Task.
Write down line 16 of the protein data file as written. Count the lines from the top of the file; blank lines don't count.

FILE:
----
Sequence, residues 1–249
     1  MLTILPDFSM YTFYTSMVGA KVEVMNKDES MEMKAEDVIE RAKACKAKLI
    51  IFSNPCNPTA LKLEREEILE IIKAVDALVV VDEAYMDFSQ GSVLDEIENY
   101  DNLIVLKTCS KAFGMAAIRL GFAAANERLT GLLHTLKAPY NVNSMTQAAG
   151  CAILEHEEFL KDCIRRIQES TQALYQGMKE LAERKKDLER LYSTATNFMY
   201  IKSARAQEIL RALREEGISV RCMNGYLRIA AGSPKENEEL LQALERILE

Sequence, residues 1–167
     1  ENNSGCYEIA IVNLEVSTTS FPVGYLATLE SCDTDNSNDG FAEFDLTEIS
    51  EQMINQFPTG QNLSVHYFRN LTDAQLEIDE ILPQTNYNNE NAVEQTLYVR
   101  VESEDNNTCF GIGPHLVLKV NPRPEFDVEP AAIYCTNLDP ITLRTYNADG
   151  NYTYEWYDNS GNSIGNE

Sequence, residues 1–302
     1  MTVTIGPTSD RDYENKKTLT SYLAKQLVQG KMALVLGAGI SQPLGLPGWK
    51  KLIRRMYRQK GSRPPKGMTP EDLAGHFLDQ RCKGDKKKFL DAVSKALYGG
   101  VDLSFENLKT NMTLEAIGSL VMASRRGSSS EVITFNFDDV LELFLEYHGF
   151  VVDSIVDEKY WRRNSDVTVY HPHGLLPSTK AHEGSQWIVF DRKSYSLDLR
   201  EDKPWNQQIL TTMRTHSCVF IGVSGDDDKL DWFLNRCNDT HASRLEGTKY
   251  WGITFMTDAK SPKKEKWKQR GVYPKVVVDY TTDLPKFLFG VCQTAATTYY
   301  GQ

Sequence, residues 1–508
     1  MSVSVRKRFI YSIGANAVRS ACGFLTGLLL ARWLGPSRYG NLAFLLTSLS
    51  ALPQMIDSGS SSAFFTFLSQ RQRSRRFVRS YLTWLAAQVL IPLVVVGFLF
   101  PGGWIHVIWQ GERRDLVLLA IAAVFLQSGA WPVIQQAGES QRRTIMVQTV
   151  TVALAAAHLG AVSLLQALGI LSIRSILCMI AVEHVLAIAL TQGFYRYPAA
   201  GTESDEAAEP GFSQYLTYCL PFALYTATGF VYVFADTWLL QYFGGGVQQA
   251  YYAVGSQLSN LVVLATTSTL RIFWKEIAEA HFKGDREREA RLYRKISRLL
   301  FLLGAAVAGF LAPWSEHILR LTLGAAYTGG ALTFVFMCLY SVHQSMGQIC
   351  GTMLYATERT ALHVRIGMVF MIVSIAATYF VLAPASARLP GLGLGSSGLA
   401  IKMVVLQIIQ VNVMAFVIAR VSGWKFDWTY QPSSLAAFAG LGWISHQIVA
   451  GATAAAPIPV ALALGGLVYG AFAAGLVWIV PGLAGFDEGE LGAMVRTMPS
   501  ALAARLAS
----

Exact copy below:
   151  VVDSIVDEKY WRRNSDVTVY HPHGLLPSTK AHEGSQWIVF DRKSYSLDLR